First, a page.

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View Diary: So what companies DO offer health insurance? (21 comments)

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  •  Most companies offer insurance... (3+ / 0-)
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    irishwitch, debedb, afisher

    ...except in low income jobs and the cost for employers and employees are going up.HHS:

    What Are the Recent Trends in Offer, Eligibility, and Enrollment rates?

    In recent years (1996-2002), countervailing trends among offer, eligibility, and enrollment rates have characterized the employer-sponsored health insurance market. Offer rates have risen while eligibility and enrollment rates have gone down, whether measured in relation to all private-sector employees, private-sector full-time employees, or private- sector part-time employees (Table 1).

    For example, from 1996 to 2002, among all private-sector employees, the offer rate increased from 86.5 percent to 88.3 percent, the eligibility rate decreased from 81.3 percent to 77.1 percent, and the enrollment rate dropped from 69.6 percent to 62.4 percent. In addition, the enrollment-when-eligible rate dropped 4.5 percentage points, from 85.5 percent in 1996 to 81.0 percent in 2001.8 Some of the decrease in the enrollment rate may result from an increase in workers who enroll in their spouse's employer-sponsored plans instead of their own. One study reporting on a drop in enrollment in the period 1987-96 found that it was partly offset by a rising rate of enrollment in a spouse's plan.6

    According to recent research, the principal reason for decreasing enrollment during the period 1987-2000 was that the cost to employees had risen substantially.9 An earlier analysis of enrollment trends in the period 1987-96 suggested that decreasing enrollments have resulted from a variety of factors, including increasing costs of insurance, rising employee share of health insurance premium cost, expansions in Medicaid, declining real incomes, and increased price-consciousness among workers.6


    The offer rate is the percent of employees who work where insurance is offered.
        The eligibility rate is the percent of employees eligible to enroll where insurance is offered. In most cases, to be eligible for employer-based coverage, employees must have full-time status and also pass through a waiting period after commencement of employment.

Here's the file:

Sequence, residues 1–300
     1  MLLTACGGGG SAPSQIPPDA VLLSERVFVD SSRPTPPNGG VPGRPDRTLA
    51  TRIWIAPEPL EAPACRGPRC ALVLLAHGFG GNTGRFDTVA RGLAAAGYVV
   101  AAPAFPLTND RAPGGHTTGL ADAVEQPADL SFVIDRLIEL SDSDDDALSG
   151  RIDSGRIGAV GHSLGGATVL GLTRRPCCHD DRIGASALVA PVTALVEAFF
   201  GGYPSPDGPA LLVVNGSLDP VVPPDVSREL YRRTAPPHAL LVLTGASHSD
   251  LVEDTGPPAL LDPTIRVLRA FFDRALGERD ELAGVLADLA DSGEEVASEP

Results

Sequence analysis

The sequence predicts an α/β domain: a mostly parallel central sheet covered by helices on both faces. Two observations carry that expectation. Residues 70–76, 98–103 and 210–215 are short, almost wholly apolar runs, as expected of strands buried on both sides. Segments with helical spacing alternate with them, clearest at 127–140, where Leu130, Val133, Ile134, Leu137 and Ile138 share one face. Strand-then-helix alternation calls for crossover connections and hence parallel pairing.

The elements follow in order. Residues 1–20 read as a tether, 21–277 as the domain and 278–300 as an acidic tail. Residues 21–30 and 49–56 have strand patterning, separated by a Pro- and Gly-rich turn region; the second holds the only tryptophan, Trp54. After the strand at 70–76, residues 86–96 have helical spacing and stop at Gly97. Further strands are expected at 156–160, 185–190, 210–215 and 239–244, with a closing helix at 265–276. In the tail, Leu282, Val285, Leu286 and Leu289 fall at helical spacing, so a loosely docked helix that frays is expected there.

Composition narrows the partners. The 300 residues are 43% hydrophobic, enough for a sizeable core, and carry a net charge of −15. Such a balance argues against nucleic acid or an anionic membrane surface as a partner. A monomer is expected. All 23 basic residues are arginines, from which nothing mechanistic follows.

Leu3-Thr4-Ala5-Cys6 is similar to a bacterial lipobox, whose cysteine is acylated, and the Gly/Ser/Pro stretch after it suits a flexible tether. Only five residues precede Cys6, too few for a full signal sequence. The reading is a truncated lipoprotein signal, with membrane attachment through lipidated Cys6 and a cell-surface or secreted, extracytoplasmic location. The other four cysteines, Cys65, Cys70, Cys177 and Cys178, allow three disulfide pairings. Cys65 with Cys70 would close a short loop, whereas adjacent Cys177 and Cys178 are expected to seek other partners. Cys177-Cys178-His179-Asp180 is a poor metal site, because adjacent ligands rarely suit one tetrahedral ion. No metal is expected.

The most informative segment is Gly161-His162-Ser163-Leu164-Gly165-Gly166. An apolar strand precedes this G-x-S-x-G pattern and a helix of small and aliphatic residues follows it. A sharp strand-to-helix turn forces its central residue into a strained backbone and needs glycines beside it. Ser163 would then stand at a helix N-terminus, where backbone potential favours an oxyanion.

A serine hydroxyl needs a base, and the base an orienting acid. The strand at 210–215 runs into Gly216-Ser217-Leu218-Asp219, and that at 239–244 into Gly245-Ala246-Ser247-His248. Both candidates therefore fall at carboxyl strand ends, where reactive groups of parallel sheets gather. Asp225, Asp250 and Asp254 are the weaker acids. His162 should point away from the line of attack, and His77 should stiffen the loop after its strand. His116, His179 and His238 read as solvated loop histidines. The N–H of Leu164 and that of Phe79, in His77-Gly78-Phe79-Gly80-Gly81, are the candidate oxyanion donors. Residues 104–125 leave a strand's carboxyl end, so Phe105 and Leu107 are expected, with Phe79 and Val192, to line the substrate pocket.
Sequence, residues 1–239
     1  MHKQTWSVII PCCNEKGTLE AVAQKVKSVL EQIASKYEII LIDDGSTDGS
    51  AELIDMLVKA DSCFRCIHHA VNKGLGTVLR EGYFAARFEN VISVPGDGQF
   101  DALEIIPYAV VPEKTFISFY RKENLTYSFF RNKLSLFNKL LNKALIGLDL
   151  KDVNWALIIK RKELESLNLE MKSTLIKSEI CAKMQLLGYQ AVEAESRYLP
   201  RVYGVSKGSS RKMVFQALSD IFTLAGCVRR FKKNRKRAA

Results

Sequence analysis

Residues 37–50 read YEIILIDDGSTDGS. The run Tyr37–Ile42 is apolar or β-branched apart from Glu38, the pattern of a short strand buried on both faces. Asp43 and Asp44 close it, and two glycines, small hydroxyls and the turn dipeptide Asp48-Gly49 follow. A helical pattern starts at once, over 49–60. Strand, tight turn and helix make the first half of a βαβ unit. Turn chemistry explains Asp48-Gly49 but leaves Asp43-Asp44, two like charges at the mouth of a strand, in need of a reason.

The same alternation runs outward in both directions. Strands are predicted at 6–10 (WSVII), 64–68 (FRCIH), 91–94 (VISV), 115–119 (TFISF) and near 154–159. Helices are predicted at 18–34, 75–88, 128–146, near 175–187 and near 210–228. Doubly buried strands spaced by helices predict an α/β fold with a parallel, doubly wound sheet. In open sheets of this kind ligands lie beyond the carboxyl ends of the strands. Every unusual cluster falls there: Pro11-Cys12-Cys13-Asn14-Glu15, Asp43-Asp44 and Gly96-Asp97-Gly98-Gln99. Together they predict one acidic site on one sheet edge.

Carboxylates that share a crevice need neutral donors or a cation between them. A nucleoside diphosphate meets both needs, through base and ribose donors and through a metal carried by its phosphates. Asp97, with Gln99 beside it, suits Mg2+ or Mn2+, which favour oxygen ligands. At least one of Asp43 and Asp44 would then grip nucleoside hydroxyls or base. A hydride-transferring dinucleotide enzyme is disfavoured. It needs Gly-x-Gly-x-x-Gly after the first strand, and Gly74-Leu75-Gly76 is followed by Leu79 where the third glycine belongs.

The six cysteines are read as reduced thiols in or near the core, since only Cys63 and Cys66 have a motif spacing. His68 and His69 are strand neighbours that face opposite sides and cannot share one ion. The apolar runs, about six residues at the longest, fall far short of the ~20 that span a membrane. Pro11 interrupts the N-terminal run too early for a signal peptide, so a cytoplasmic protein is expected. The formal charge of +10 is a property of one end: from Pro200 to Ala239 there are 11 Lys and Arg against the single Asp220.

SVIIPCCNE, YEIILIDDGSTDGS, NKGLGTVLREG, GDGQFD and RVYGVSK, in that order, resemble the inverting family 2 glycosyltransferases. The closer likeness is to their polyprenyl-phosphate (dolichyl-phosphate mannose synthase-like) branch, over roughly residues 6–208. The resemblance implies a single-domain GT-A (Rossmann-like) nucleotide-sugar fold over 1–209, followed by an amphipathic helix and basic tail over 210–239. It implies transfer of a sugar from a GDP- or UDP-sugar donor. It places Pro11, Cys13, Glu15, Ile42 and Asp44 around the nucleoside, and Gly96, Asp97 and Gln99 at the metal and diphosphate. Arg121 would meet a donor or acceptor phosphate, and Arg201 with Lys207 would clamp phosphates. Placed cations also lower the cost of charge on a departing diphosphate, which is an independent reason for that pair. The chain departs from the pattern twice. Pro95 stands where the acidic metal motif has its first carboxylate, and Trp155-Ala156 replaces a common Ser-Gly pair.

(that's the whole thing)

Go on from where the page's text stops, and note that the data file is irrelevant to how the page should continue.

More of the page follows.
The enrollment rate is the percent of all who work where insurance is offered who enroll.
        The enrollment-when-eligible rate is the percent of eligible workers who enroll in offered coverage.

    Note: Definitions are taken from the MEPS-IC (Insurance Component).
    What Is the Impact of Firm Size on Offer Rates?

    Firms with large numbers of employees are more likely to offer their employees health insurance:

        Among medium and large private-sector employers (firms with 50 or more employees), 97.8 percent of all employees worked where health insurance was offered in 2002.10
        Among small private-sector employers (firms with fewer than 50 employees), 63.5 percent of all employees worked where health insurance was offered.11

    Small employers not offering health insurance typically cite the cost of insurance and the belief that employees have other sources of coverage (e.g., through a spouse) as their principal reasons (Figure 1). The firms least likely to offer coverage are those with low-wage workers, high turnover, no unions, and many part-time employees.12 The smaller the firm size, the more likely are its employees to be uninsured. However, it is interesting to note that the proportion of uninsured workers employed even by quite large firms (500 or more workers) has grown in recent years. Between 1987 and 2001, the proportion of uninsured workers in these firms expanded from 25 to 32 percent. Declines in manufacturing jobs and unionization rates are the most important reasons for the rise in uninsured workers at these large firms.12

    As young people choose a career to move toward, or a job to apply for, benefits are at least as much of a factor as salary and, IMO, a bigger one or entry level jobs.  

    Let all Bush tax cuts expire and , bring on the Sequestration cuts to defense.

    by kck on Thu Nov 15, 2012 at 05:24:55 PM PST

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